SEC. 29.23(1)-1. DEPRECIATION.— A reasonable allowance for the exhaustion, wear and tear, and obsolescence of property used in the trade or business, or treated under section 29.23(a)-15 as held by the taxpayer for the production of income, may be deducted from gross income. For convenience such an allowance will usually be referred to as depreciation, excluding from the term any idea of a mere reduction in market value not resulting from exhaustion, wear and tear, or obsolescence. The proper allowance for such depreciation is that amount which should be set aside for the taxable year in accordance with a reasonably consistent plan (not necessarily at a uniform rate), whereby the aggregate of the amounts so set aside, plus the salvage value, will, at the end of the useful life of the depreciable property, equal the cost or other basis of the property determined in accordance with section 113. Due regard must also be given to expenditures for current upkeep. * * *
The petitioners took, and the respondent has allowed a deduction for normal depreciation. The respondent did make some adjustment of the partnership's basis for the hotel properties and a small part of the deficiency in each case resulted from that adjustment. The petitioners are not here contesting the adjustment of basis, and effect will be given thereto in computations to be made under Rule 50.
It is the contention of the petitioners that, due to Army occupancy and use, the hotel properties suffered unusual damage of a general nature over and above the ordinary wear and tear which would reasonably have been sustained if the hotel had been subjected to use as a hotel, that the greater part of this unusual damage occurred during the first weeks of Army occupancy and still obtained at November 30, 1942, the close of the partnership's fiscal year, and that by reason thereof, the partnership, in reporting its income for said year, was entitled to a deduction for depreciation over and above normal depreciation to cover the unusual damage, and this, without regard to any right of indemnification or any subsequent payment therefor by the Government. The petitioners' counsel argues that the subsequent compensating payments received by the partnership in 1943 are comparable to recoveries on debts which became worthless and were deducted in a prior year and have no bearing whatever on the right of the partnership to the ‘accelerated‘ depreciation deduction claimed by the partnership for the fiscal year 1942, and disallowed by the respondent.
That the above contention of the petitioners is not well taken, is immediately apparent, when the nature and purpose of the depreciation allowance is considered and understood. It is the normal and expected thing that physical properties used in a business operation will eventually be consumed. Where there has been no sale of plant, as such, and there is no means or right of recovery for its consumption, except through the sale of goods produced or the letting of the property to the use for which it was constructed, acquired or held, the owner must, of necessity, look to gross profits or receipts for recovery of the plant or capital consumed in the production of those profits. In that case, a reasonable allowance to cover the consumption of the plant or capital becomes a proper charge on profits. On the other hand, to the extent that the owner of the property is otherwise indemnified for the damage and wear and tear to the property and does not have to look to operating profits for the recovery of the capital consumed, then there is no basis, in reason or in fact, for a charge of such wear and tear against those profits.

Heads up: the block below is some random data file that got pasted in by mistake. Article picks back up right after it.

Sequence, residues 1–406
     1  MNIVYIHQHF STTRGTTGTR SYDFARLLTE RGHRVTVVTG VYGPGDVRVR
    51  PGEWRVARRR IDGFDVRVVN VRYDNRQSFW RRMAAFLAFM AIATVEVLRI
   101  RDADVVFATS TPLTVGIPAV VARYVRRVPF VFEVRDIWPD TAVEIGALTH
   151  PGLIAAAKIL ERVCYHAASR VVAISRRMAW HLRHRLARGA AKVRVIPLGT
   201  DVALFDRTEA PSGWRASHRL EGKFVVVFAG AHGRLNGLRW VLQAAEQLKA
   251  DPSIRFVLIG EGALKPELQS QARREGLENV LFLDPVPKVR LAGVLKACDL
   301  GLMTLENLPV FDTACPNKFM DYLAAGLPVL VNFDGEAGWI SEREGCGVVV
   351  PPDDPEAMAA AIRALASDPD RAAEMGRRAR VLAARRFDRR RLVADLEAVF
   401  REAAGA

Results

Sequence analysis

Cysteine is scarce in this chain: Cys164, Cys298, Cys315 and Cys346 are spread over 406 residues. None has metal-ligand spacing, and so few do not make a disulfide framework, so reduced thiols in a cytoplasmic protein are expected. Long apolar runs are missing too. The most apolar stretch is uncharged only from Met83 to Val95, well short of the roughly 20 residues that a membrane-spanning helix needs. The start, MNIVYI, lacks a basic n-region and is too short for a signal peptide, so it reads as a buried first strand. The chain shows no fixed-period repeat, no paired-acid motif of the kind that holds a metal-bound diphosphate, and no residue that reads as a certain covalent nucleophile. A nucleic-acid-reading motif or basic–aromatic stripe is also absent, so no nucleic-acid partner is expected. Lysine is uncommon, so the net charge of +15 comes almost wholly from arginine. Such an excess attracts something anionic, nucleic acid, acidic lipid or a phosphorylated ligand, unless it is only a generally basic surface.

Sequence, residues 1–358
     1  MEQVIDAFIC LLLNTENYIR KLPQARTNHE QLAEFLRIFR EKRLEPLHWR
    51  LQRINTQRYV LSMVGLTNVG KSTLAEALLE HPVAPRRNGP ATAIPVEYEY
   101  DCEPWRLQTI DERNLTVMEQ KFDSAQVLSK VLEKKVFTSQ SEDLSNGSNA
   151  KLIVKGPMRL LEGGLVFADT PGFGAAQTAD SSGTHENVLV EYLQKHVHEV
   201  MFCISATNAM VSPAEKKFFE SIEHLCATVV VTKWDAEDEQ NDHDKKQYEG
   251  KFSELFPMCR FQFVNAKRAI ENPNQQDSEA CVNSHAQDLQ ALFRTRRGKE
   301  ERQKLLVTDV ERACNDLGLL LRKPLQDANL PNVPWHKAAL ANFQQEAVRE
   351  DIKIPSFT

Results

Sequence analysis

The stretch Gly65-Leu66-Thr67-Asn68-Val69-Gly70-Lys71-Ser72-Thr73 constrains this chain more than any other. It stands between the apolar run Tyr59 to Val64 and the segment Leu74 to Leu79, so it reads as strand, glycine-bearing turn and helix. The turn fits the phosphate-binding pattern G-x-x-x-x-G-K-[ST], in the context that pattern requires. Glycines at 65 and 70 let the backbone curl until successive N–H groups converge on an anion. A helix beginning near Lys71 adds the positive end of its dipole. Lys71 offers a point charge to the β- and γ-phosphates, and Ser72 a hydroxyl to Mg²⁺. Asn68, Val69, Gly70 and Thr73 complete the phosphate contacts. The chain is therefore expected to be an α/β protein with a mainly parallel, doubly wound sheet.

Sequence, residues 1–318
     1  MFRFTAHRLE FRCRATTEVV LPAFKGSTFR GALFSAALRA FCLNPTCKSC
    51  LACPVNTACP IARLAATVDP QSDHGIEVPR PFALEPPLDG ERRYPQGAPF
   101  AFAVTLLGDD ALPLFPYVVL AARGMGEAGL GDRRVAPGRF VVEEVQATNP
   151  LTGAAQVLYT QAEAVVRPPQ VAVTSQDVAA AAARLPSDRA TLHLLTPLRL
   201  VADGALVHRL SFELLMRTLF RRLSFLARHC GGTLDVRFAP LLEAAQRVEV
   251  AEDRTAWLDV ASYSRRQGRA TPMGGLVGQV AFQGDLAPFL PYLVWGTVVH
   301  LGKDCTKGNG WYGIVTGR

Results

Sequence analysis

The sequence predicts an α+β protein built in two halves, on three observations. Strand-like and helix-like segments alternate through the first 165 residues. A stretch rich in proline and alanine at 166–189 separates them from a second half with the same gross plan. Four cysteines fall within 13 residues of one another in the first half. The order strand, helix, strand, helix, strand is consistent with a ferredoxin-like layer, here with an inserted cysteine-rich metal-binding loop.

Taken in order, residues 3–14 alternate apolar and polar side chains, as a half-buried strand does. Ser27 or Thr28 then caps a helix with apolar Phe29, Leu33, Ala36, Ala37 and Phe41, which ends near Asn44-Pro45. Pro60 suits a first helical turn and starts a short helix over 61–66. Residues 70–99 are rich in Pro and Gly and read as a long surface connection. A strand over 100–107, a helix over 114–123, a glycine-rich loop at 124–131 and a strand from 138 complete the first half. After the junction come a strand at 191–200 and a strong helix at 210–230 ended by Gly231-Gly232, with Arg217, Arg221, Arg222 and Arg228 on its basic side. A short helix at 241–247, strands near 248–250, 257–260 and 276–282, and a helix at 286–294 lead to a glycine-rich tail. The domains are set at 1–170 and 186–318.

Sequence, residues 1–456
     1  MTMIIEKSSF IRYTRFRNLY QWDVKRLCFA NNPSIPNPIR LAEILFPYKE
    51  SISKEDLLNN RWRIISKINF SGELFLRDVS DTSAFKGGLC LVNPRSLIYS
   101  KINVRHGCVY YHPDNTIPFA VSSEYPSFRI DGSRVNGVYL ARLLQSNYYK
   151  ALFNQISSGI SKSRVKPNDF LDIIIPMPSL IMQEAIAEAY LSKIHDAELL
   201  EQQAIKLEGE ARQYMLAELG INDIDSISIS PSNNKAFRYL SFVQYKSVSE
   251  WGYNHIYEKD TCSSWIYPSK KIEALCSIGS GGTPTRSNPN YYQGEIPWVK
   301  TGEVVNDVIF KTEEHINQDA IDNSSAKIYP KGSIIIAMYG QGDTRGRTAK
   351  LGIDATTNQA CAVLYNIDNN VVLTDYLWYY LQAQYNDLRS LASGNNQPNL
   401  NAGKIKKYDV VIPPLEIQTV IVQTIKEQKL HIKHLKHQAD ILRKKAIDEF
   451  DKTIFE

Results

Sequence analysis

Here, by the specific terms of the lease, the Government was required to ‘restore the premises to the same conditions as that existing at the time of entering upon the same,‘ reasonable and ordinary wear and tear excepted. It thus appears that except for reasonable and ordinary wear and tear, damage to or consumption of the property by reason of Army occupancy was at no time a proper or reasonable charge against income— in this instance, the rents received. To the contrary, any damage or consumption over and above reasonable and ordinary wear and tear became a charge against the Government and the owners of the hotel properties were at all times indemnified therefor. It is at once apparent, therefore, that the allowance of the deduction claimed to cover damage or added wear and tear over and above reasonable and ordinary wear and tear would not only be an unreasonable allowance for exhaustion, wear and tear of the hotel properties, but would permit the petitioners a double recovery for such damage and added wear and tear, one by way of a charge against the rents received and reported as income, and the other, by way of a valuable and subsisting claim against the Government for recovery under the lease. At this point, it may be observed that any comparison of the Government's obligation under the lease in 1942 to a worthless debt is, to say the least, inept.